First-year head coach Randy Edsall announced in a press release Tuesday that guard Justin Lewis has been dismissed from the football program. The reason for the dismissal is, of course, an unspecified violation of team rules.
Posted by Kevin McGuire on September 23, 2014, 11:41 PM EDT
East Carolina had quite a day picking from and poking at their ACC opponents this season. In the past two weeks the Pirates have defeated Virginia Tech and North Carolina, and seen a billboard bragging about in-state dominance. Now the Pirates welcome the addition fo a former Hokies running back.
Chris Mangus, who left the Hokies in early August, will join the Pirates. Head coach Ruffin McNeilannounced the new addition to the roster on Tuesday night. Mangus has been enrolled in classes at East Carolina since the start of the fall semester and will have two years remaining of NCAA eligibility after sitting out the remainder of the 2014 season due to NCAA transfer rules.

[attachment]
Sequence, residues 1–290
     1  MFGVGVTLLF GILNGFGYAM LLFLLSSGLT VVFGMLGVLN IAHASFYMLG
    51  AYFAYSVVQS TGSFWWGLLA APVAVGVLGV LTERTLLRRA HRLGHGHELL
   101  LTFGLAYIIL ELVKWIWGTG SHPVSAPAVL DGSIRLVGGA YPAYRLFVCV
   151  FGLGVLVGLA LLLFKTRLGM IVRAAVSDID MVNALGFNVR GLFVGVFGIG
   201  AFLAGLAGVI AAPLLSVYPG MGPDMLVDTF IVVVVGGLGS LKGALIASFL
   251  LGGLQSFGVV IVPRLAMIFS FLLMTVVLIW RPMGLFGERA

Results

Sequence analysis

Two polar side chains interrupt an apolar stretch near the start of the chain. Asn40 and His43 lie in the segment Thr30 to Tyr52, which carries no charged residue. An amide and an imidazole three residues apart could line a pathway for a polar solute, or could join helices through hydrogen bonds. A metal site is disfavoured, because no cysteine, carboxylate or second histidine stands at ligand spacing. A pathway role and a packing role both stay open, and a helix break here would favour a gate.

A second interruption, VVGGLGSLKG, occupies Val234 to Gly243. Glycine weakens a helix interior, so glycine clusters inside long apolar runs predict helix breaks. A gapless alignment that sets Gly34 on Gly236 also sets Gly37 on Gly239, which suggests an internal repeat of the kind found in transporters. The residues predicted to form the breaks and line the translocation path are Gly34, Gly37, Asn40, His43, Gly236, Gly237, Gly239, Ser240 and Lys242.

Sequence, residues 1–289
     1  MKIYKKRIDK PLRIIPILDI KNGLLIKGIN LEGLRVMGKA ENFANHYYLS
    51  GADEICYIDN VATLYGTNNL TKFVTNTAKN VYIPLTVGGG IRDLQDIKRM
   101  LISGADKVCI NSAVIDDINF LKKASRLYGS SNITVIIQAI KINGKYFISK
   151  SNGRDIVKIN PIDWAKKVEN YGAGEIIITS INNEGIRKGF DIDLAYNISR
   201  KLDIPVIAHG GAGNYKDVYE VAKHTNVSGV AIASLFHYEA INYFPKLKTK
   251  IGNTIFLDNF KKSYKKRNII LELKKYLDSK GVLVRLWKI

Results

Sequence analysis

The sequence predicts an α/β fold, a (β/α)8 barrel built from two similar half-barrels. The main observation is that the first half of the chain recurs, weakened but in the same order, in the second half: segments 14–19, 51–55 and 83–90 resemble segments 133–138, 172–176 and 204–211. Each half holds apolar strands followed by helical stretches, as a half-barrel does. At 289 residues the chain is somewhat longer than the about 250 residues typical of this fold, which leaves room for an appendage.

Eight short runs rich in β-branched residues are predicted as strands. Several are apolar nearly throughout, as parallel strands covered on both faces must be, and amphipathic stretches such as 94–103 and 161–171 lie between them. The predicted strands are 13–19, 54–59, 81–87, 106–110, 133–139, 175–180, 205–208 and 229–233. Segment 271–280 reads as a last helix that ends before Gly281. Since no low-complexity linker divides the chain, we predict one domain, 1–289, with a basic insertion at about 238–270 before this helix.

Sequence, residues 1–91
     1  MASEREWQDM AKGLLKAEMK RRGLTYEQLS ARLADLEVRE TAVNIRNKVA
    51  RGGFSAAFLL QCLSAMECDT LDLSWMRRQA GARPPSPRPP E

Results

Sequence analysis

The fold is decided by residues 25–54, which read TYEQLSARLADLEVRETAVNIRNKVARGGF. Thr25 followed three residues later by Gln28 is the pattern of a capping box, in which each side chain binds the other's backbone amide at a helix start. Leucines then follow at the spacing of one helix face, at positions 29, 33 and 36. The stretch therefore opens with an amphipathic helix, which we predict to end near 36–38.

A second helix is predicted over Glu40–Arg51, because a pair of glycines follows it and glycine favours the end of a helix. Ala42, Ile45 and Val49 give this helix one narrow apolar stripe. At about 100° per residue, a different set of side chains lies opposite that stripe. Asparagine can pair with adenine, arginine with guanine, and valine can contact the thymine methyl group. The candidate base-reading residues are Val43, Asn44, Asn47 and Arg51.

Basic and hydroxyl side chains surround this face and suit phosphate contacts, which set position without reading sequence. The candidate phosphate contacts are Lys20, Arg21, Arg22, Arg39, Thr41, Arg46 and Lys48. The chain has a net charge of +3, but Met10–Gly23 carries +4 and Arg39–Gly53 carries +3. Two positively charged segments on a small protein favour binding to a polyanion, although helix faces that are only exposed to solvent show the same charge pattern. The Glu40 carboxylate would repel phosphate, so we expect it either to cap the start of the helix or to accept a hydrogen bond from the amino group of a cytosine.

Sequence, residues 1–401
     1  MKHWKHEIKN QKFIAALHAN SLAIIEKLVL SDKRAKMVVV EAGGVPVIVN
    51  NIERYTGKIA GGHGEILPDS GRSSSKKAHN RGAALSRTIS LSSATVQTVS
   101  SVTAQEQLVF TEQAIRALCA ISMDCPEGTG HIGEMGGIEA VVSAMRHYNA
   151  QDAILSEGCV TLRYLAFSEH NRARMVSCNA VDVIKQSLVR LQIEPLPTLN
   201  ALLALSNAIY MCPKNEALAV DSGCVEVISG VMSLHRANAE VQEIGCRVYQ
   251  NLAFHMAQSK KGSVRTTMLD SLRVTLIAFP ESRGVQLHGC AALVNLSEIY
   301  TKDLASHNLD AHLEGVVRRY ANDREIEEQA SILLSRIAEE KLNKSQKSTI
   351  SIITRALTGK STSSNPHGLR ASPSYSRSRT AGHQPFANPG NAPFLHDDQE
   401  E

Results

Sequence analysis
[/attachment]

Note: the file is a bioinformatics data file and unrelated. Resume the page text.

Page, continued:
Mangus joined Virginia Tech in the Class of 2012 as a three-star prospect. In 2013 Mangus rushed for 141 yards.
Posted by Kevin McGuire on September 23, 2014, 10:49 PM EDT
It seems as though Alabama head coach Nick Saban has had to defend the hiring of Lane Kiffin since day one. Even with a quick 3-0 start to the 2014 season, with quarterback Blake Sims grabbing a hold of the starting job, and wide receiver Amari Cooper among the best receivers in the nation, there is still work to be done on offense. Saban stops short of suggesting there is any frustration with the way Kiffin is working out.
Alabama has the nation’s fifth highest offensive yards per game. The Crimson Tide are 23rd in the nation in rushing offense, 12th in passing offense, and the nation’s second highest third-down conversion rate.